When I first started teaching, I was required to be a “mentor.” It was an interesting concept and they had clearly thought through some things.
- We were mentors for kids we did not teach.
- We met with them weekly because relationships take time.
- There were no grades because that would tarnish the relationship.
But… it was a miserable failure.
I had high hopes for this mentoring thing. But those hopes were dashed by a binder of mandatory worksheets, written contracts saying we would respect and honor each other, and attendance requirements.
What could have been a really good idea was really just another thing “The Man” was making kids do.
Lame… ineffective… not awesome.
Now hang with me. Let’s contrast this mentoring idea with a movement I’ve been seeing in our ministry at North Point.
A few years back, a group of our Small Group Leaders got together and started to strategize about how to help the dads of their middle schoolers. They knew, as any of us do, that they could help their kids grow a ton if they could get the dads on board… and unfortunately, many dads are disengaged.
It’s a long story, but with some hard work over their three years together, these Small Group Leaders convinced most of their dads to take part in a camping trip at the end of the boy’s eighth grade year.
The Small Group Leaders had fire. That was a win.
The Small Group Leaders and dads all told stories about their own faith during that camping trip. Another win.
And each dad said a blessing over their boys. A total win.
Powerful… effective… awesome.
Excited by their victory, these guys came to me to ask… “This was a great idea! This is something we should do for every 8th grade guy, right?”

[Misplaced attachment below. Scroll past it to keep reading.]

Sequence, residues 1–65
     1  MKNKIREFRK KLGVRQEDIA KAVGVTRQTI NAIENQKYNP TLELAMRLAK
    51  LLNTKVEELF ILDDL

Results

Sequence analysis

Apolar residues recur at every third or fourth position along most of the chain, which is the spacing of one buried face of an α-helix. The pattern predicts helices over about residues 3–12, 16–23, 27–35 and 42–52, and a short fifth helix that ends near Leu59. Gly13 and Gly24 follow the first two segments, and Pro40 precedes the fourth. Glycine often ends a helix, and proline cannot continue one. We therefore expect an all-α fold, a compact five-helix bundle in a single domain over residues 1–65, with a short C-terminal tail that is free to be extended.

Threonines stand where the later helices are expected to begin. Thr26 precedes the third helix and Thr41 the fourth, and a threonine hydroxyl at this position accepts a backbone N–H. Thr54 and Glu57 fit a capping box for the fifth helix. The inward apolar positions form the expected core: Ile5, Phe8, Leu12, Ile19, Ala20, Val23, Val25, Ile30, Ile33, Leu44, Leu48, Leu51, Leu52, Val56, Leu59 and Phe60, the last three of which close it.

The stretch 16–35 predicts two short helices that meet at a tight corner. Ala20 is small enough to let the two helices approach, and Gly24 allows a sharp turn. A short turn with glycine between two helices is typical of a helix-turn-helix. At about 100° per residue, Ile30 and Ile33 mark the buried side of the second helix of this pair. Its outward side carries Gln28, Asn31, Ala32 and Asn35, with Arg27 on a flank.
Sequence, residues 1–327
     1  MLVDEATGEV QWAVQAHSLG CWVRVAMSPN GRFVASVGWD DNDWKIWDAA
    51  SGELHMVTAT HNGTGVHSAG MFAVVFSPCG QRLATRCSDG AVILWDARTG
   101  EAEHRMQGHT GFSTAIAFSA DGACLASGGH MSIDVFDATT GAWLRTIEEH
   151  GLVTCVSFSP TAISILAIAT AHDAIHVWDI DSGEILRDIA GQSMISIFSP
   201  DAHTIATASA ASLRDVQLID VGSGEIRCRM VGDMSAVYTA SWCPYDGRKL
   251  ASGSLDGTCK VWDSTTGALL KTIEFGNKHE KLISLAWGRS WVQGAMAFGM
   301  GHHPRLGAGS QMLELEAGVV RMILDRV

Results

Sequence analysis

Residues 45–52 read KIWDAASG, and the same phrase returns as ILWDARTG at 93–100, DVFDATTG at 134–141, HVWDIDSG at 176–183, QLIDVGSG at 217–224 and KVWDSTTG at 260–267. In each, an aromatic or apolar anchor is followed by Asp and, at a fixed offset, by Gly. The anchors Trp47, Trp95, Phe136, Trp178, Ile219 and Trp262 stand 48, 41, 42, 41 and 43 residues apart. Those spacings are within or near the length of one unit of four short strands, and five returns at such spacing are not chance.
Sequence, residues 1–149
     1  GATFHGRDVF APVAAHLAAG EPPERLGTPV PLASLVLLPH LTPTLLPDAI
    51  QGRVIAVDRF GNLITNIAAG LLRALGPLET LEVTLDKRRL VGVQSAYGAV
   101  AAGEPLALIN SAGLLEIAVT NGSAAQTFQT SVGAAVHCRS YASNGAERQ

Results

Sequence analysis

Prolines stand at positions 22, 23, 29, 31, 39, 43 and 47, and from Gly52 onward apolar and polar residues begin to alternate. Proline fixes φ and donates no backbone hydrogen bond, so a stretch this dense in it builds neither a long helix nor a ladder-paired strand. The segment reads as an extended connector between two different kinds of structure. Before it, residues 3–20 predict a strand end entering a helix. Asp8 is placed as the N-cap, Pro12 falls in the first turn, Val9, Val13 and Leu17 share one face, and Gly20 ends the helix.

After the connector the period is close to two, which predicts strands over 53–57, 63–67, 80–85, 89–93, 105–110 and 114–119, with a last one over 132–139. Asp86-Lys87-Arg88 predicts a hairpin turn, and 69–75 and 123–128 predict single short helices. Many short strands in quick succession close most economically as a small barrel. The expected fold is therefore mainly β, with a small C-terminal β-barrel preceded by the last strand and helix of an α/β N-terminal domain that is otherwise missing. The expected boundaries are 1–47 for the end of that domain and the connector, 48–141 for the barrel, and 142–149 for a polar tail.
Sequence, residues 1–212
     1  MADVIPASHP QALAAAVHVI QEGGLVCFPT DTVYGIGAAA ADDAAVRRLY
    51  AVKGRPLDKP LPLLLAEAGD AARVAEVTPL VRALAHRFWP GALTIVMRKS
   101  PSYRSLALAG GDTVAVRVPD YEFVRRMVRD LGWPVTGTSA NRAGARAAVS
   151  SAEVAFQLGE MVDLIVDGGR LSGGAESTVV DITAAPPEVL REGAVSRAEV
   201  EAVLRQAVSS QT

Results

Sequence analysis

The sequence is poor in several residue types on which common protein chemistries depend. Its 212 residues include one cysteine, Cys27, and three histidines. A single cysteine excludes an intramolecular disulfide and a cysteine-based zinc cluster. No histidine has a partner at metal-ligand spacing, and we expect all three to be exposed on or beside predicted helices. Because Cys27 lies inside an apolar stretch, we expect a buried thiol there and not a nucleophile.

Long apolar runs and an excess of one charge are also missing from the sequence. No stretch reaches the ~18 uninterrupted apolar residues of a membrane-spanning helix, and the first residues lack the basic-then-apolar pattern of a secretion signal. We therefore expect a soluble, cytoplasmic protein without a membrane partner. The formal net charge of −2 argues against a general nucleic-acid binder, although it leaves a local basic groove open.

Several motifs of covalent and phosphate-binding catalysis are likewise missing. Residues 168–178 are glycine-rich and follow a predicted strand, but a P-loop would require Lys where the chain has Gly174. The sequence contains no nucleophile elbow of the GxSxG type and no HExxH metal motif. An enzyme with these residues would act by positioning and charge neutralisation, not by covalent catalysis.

My answer: “Not exactly.”
Let me explain. I loved it. But, it was so good… I didn’t want to mess it up!
I had flashbacks of binders full of worksheets, contracts, and attendance sheets. That’s the last thing I wanted for such a great idea.
Because here’s what happens in an organization…
Great ideas will pop up all the time. These are ideas owned by the folks who created them. With ownership comes energy and enthusiasm that can’t be fabricated.
But when you formalize and require something… it loses energy.
When you formalize and require something, you put fences around the creators of the idea. Then, it never fails…
- You have to cut corners or eliminate some of the things that make it special to the creators of the idea.
- Then, the creators of the idea lose energy and excitement because the “mass produced” version just isn’t as great.
- Then, other people have to pull off a program and be excited about something that isn’t theirs. (Sometimes you can do a pretty good job of drumming up excitement and vision for something, but you can never fabricate the kind excitement that comes with ownership.)
- And finally… the result is a less effective version of the original vision.
I know this because we’ve killed a bunch of good ideas this way.
So what are we to do with these great ideas?
I’ve learned that we have a choice.
When faced with the pressure to formalize and require a great idea, we can instead choose to equip and inspire.
(Catchy, isn’t it?)
So, over the past few years these amazing men have been meeting with other small group leaders. They have been showing them what they did (INSPIRING) and letting them in on their processes (EQUIPPING). We have been working with them to give them time with new leaders.
Now, we are seeing these leaders take these ideas and create their own version.
The result has been incredible. Slowly but surely, these unofficial ministries to the fathers of middle schoolers have been spreading. And guess what? We’ve also seen some of the female small group leaders beginning to talk about the moms.
I have high hopes.
So, whether it’s your staff development plan, small group model, coaching programs, or anything similar, remember…
It is tempting to formalize and require.
But sometimes it’s best to equip and Inspire.